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Updated on July 31, 2023
7 min read

What Causes Brown Vomit on an Empty Stomach?

Alyssa Hill
Dr P. E. Pancoast, MD
Written by 
6 Sources Cited
Alyssa Hill
Written by 
6 Sources Cited

Vomiting is a common symptom associated with many medical conditions, and it can range in color from clear to green. Brown vomiting, however, is an alarming sign of distress for any person prone to vomiting—especially on an empty stomach.

This post explores possible causes of brown vomit when nothing else has been ingested for hours or days. It also discusses the need for seeking prompt medical attention when experiencing this symptom.

What Does The Color of Vomit Indicate?

Determining the color of vomit can provide insight into a person's well-being. It can also aid in diagnosing potential health issues.

While vomiting is a usual bodily response to outside invaders, chronic or persistent vomiting can indicate underlying gastric problems, making swift diagnosis imperative.

Consulting with a physician regarding the color of vomit can lead to a more informed assessment and targeted treatment protocols.

Understanding The Different Colors of Vomit

Here's what you need to know about a few of the most common colors of vomit and the potential underlying causes:

the different colors of vomit 1

Clear

Clear vomit is often a normal reaction when your stomach is empty or in cases of morning sickness. It's also not a medical emergency if you feel lighter after throwing up or if you have a stomach bug.1

However, contact a medical professional if these symptoms persist for more than a few days or if you're uncertain about the cause. Additionally, you should seek immediate medical attention if:

  • You can't eat or drink anything without feeling sick
  • You vomited clear liquid after a head injury since it may indicate a severe brain injury or trauma
  • Your clear vomiting doesn't resolve within 24 hours
  • Your vomitus (the substance you expel) is very forcefully projected (projectile vomiting) 

Yellow or Green

When the stomach is empty, or there is a blockage in the intestines, vomit can contain bile which may appear yellow or green. Bile is a yellow-green digestive fluid that helps break down fat, and it's excreted from the gallbladder.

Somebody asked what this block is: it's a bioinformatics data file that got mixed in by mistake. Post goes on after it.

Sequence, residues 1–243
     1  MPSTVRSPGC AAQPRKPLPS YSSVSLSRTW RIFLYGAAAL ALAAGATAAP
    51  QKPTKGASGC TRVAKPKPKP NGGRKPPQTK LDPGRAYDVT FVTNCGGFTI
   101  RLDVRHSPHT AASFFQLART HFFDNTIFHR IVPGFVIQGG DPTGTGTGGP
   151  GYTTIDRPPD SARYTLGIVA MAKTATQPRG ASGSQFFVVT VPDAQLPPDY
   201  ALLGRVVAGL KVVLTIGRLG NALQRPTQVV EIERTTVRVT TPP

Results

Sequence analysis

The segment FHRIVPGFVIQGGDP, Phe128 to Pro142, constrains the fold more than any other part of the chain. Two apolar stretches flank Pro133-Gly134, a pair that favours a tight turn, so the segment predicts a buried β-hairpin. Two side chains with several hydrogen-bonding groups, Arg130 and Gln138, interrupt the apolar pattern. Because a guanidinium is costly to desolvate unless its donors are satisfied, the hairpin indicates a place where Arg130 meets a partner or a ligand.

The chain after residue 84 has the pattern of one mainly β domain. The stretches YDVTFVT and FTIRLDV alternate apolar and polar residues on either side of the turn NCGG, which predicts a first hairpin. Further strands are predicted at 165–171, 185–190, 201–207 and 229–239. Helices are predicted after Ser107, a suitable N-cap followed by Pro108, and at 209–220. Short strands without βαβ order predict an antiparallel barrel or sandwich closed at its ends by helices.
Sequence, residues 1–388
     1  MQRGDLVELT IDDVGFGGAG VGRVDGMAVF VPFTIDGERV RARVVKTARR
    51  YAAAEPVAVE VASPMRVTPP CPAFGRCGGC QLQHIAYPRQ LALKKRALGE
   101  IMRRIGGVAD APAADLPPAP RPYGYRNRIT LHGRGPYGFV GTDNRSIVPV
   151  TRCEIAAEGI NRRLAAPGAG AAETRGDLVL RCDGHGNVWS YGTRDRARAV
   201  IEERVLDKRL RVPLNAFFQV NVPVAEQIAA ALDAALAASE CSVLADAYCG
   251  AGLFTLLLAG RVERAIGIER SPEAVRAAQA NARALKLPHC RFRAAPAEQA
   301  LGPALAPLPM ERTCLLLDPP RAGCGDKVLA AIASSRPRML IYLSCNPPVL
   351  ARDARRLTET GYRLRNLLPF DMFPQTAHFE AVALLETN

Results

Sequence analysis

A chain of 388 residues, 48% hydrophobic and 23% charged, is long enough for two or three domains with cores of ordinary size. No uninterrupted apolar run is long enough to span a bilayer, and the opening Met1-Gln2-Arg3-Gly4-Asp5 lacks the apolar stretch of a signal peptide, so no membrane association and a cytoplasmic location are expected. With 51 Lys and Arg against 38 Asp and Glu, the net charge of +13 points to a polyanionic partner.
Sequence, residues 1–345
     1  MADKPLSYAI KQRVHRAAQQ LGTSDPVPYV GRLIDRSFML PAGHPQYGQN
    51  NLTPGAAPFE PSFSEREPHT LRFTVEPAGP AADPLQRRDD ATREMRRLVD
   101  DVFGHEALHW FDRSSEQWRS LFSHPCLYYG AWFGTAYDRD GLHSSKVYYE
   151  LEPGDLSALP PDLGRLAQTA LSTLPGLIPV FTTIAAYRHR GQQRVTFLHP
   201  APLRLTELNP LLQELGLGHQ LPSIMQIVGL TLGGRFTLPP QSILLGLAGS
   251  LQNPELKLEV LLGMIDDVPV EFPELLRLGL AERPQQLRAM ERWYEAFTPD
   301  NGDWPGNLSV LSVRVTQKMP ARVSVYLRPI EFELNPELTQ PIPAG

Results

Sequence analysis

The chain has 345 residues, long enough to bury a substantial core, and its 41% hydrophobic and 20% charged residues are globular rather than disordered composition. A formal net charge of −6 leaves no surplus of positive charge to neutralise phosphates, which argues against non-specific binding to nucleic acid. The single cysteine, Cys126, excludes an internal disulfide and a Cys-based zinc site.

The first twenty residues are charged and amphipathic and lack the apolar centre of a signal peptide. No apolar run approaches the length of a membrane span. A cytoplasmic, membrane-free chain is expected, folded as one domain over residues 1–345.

Green or yellow vomit isn't often a cause for concern—empty stomachs commonly cause bile-related vomiting. ​​However, you should consult a doctor if the vomiting persists for more than 24 hours or if it’s coupled with:

  • Constipation
  • Severe chest pain
  • Progressively severe lower abdominal pain
  • Fever
  • Weakness
  • Other problematic symptoms

The other possible contributors to yellow vomit include:2

  • Gastroenteritis from food poisoning
  • Yellow or green drinks or foods
  • Mucus from a cold or flu
  • Pus from infection

Brown

Brown vomit can signal two potential causes:

  • Presence of blood
  • A severe case of constipation

Foods like chocolate and dark-colored items could trigger this condition but may also point to underlying health issues.2 

Brown, bloody vomit could also indicate hematemesis. This condition involves a noticeable amount of blood in the stomach contents. Bright red vomit signals fresh bleeding, while darker colors suggest older blood. 

Moreover, be cautious if your vomit appears like dark coffee grounds—especially if you're experiencing brown vomit that wasn't brought about by overindulging in chocolates or brownies. Having this could indicate potential stomach bleeding.

Brown Coffee Ground Vomit

Coffee-ground vomitus, which appears dark brown or black with a lumpy texture resembling coffee grounds, is a type of hematemesis indicating internal bleeding.4 This medical emergency occurs due to coagulated blood from dried, dark, and congealed bleeding.

The causes of this kind of hematemesis are the same as other types, but it's crucial to determine its root cause to prevent blood loss and shock. 

Red or Pink

Immediate medical attention is necessary if vomit appears red or pink, as it could indicate the presence of blood. A small amount isn't harmful unless you have suffered an injury, nosebleed, or swallowed some blood. 

If this happens occasionally and ceases when vomiting stops, there’s no cause for concern. Vomiting a small amount of blood once or twice and then clearing up quickly is also not a significant issue.

Red or pink vomit may also be related to various conditions, such as:

  • Esophagitis
  • Ulcers
  • Stomach tumors
  • Esophageal varices
  • Gastritis
  • Tears in the esophagus due to constant vomiting

Black

Black or very dark brown vomit resembling coffee grounds could be blood. Likewise, it could also result from the kale and spinach in your diet or dark-colored beverages and desserts consumed the previous night.

However, if your vomit is black, red, or coffee-ground colored without a clear culprit, seeking medical attention is essential. Internal bleeding further down the digestive tract can cause old blood to darken over time, particularly if you have a history of stomach upset, pain, or digestive issues. 

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What Causes Brown Vomit on an Empty Stomach?